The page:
Sunday, 19 February 2012

websites for teaching and learning

(from an inset I did in August 2010...)


for picutres/clip art:

To copy:
- right click and click on Save Image As

Open WORD document:
- drag+drop image from file onto page
- or click on Insert, then Picture, then From File/ClipArt
- click on Clips Online for more from Microsoft::

Or open PUBLISHER document:

Or use freeware publishing tools:

for photos:

(format can be changed)


To copy using Keyboard Shortcuts:
- press down Ctrl+A keys to highlight
- press down Ctrl+C keys to copy
- open WORD document
- press down Ctrl+V to paste

Or, if Firefox/Internet Explorer:
- click on File and open Print Preview
- format page to be printed with Page Setup


(right click and click on Save Target As)

(British Council)

to search:

to save:

To save audio/video files:
- copy URL/full web address
- paste in keepvid URL
- click on download
- click on Save File (not Open!)
- play file on media player
- or open Downloads window, right click on file, click on Open Containing File

Or use freeware media player for MP3 files:



(use Search facilities on each website)

(British Council)

(ID:18254 - password:sis)

(Search example:)




some video links

Francis Eales' Highly Recommended:

Designing Authenticity into Language Learning Materials: Freda Mishan, 2005: intellect

Jamie Keddie’s : has lessons based on Youtube videos.
For example:
© Frances Eales February 2012

From notes provided by Frances Eales, author of Speak Out! (Pearson):
'Using Videos and Podcasts - The Real World in the Classroom'

using video podcasts for listening and to generate speaking

a) Listening and language development:

Real English for real situations:

The Speakout series: podcasts are available on (though without the running scripts, available in the DVD rom at the back of the book)

> Ask students questions from the podcast to orientate them to the theme.
> Students watch part and do a very simple task, e.g. ‘Put your hand up each time you agree with the people.’
> Students watch again and after each person recode what was said to a partner
> Students do a series of comprehension tasks, e.g. T/F, matching opinions to people etc.
> Students follow the podcast with script asking the teacher to replay parts as needed
> Focus on language features, e.g. the use of fillers and vague language; the use of the glottal stop in some accents; the occurrence of an item of spoken grammar, etc.
> Students are set homework tasks to watch podcasts independently, where possible, simultaneously following scripts.
> Students discuss the topics, practising the language feature focussed on earlier

b) Generating speaking inside the class:
> In groups students prepare to make a parallel video podcast; monitor and help with language; allow rehearsal time.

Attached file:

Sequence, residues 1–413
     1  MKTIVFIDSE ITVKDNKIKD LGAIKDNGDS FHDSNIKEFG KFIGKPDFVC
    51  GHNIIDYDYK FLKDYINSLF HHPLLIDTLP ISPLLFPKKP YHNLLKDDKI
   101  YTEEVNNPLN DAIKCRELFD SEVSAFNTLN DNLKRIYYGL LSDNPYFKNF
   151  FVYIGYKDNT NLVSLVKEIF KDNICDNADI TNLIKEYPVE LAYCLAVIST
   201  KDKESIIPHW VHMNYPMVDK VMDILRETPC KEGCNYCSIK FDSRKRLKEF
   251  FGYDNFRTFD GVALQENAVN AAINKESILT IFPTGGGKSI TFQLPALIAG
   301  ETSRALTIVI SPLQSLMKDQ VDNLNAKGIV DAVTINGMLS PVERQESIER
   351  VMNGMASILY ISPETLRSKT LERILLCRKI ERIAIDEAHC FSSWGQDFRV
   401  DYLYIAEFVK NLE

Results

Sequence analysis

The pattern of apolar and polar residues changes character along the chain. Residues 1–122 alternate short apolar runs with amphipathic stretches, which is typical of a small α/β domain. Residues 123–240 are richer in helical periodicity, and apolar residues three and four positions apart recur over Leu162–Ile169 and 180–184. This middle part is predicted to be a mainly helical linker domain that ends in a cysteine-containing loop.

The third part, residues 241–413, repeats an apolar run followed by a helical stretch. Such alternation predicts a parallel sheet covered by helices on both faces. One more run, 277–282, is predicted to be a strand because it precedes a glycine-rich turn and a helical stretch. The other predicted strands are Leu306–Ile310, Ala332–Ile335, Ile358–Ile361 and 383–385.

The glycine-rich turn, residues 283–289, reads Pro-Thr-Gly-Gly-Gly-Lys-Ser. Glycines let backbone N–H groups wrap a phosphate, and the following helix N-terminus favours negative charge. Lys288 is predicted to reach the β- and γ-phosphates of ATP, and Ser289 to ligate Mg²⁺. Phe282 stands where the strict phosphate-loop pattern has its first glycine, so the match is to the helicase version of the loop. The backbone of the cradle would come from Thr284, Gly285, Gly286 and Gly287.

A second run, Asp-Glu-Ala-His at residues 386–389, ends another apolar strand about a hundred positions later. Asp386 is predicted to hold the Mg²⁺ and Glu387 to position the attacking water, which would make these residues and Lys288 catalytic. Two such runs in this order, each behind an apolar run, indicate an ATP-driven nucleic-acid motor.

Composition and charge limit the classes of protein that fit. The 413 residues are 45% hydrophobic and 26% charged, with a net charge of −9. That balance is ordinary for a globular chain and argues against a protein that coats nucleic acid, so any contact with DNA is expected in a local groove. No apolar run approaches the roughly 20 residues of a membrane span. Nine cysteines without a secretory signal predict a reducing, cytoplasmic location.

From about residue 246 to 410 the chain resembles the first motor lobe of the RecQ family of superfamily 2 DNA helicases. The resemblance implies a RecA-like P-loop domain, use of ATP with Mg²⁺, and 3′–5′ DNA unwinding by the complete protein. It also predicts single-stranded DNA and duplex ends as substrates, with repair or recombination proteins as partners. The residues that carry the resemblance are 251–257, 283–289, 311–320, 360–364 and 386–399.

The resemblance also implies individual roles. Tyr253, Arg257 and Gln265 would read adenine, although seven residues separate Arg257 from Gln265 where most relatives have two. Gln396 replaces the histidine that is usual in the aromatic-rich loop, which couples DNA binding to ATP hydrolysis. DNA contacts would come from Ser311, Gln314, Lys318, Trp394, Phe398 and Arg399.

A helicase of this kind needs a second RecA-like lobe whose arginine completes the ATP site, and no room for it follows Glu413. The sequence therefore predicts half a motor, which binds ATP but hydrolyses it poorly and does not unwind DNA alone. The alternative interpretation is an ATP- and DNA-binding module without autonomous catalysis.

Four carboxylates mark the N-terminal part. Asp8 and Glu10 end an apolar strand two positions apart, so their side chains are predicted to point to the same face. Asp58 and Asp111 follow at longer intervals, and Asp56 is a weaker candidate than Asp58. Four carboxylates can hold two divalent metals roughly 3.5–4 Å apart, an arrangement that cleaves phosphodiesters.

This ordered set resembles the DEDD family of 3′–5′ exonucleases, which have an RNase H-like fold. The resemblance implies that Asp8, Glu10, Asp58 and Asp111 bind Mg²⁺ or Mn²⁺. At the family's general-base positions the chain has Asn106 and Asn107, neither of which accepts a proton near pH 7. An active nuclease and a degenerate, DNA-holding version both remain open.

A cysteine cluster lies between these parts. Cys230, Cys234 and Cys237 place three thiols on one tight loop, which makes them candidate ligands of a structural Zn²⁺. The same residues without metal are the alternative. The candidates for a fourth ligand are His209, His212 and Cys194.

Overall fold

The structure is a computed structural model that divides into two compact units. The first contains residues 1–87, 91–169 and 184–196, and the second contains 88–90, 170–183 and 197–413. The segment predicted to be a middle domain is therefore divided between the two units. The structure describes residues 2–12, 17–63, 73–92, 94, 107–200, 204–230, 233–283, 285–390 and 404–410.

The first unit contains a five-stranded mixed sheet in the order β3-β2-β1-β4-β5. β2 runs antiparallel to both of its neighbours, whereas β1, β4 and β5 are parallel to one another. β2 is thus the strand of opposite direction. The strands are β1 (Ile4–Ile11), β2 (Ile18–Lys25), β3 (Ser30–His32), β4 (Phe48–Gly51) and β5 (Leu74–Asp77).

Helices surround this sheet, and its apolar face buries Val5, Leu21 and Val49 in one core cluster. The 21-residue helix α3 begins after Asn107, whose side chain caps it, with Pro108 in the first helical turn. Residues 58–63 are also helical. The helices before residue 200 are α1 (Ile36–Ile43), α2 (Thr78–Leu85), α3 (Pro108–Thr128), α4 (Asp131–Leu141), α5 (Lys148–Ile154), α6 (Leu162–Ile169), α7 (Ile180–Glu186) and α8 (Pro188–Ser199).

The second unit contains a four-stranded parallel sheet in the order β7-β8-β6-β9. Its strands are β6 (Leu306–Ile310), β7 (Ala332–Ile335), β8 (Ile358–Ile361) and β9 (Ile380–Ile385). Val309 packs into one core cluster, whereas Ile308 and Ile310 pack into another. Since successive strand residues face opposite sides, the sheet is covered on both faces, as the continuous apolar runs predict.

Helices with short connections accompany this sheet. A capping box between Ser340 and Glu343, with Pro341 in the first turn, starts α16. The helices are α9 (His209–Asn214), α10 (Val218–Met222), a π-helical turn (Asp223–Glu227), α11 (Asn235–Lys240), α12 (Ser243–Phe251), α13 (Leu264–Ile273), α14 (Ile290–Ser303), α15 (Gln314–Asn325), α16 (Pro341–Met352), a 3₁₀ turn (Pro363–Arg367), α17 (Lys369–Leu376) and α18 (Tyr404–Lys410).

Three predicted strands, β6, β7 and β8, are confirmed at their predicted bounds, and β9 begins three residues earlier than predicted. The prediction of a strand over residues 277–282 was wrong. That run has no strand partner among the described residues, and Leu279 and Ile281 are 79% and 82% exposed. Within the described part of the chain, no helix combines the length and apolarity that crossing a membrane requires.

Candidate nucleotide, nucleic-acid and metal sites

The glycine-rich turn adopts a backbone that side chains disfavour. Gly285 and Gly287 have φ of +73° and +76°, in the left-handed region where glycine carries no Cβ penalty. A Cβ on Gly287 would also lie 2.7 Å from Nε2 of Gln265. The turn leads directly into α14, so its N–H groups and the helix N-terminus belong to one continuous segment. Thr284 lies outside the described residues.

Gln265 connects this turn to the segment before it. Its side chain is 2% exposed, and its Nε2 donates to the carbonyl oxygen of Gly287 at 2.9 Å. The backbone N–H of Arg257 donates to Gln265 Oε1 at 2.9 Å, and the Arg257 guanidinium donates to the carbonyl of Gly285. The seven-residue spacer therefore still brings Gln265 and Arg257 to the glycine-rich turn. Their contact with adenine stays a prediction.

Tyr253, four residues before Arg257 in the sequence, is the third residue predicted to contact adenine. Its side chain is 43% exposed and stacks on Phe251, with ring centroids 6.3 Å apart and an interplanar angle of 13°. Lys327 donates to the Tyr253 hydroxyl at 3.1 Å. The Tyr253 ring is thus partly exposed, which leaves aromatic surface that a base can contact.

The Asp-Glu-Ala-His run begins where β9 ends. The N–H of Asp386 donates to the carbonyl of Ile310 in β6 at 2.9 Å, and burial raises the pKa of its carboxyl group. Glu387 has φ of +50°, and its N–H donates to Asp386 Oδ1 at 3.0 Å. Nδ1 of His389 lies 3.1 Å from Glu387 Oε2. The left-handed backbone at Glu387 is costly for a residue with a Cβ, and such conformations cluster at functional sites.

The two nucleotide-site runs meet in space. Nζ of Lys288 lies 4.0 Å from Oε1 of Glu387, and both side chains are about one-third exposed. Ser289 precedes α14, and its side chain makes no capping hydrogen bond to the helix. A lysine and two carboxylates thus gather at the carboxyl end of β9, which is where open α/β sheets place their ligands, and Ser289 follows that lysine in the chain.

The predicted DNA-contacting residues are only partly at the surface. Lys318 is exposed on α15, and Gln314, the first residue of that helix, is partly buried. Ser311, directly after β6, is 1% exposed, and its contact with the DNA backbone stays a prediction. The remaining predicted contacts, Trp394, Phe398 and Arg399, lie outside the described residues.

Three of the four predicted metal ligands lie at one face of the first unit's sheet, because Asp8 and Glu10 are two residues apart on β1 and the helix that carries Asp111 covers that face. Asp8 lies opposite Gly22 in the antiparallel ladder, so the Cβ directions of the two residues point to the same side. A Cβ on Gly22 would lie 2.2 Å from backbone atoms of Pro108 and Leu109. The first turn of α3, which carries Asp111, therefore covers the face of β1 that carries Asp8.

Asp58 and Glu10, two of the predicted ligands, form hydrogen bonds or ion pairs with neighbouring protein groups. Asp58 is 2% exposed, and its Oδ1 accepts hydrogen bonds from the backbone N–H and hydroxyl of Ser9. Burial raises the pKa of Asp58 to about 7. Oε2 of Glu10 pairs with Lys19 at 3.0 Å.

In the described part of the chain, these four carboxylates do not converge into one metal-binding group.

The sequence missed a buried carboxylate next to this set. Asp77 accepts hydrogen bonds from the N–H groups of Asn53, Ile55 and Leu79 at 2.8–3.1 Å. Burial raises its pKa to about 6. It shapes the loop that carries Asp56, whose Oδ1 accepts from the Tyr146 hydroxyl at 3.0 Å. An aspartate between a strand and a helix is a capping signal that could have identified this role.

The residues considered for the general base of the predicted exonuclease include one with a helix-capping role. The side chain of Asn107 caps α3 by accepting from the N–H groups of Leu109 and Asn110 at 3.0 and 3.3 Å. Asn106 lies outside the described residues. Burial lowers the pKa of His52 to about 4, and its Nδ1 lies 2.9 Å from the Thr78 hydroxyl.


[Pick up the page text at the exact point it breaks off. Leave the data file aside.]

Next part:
> Some students are directors (they may not want to be filmed); they work together practising with phonecams or flipcam, then take the films.
> Playback and feedback on what was good,  explore and teach from emerging language; focus on a few areas where students were making below level errors.

c)  Generating speaking outside the class:
> Students record themselves speaking either on (audio via computer)
or (video via computer webcam) and email the link to their teacher.
> Students make films outside class, e.g. their teacher, other people in the school, their host family, asking the same questions, then bring their films to class AND/OR learners as a class undertake a project, e.g. making short video films around the area
> The films are shown in class – further language work as relevant.
> Films or written work on the topic can be uploaded e.g. to
or an unlisted youtube site or a class wiki; podcasts made via
> Any recordings and films can be kept as a reference to show students’ progress and language development

From notes provided by Frances Eales, author of Speak Out! (Pearson):
'Using Videos and Podcasts - The Real World in the Classroom'

integrated skills lessons


> Select a short video extract; give a very easy, authentic task for first watching.
Because teachers and students need to be aware of the importance of context.

But let's experiment: START WITH THE SOUND.
This is in Arabic: Don't look at the video; only listen and guess what it's about:

> Set relevant language focus tasks, e.g:  My Worst Week tasks from the previous post:


> Design a scaffolded speaking task related to the video:

a) A video about Second Life: design your own avatar:
Or a website about furniture: design your own wardrobe/room: